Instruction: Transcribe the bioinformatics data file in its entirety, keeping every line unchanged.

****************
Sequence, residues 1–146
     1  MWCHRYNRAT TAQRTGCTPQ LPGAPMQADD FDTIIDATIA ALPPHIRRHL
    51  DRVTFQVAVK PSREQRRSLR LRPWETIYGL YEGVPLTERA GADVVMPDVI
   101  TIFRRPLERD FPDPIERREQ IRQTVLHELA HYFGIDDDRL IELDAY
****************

Sequence, residues 1–146
     1  MWCHRYNRAT TAQRTGCTPQ LPGAPMQADD FDTIIDATIA ALPPHIRRHL
    51  DRVTFQVAVK PSREQRRSLR LRPWETIYGL YEGVPLTERA GADVVMPDVI
   101  TIFRRPLERD FPDPIERREQ IRQTVLHELA HYFGIDDDRL IELDAY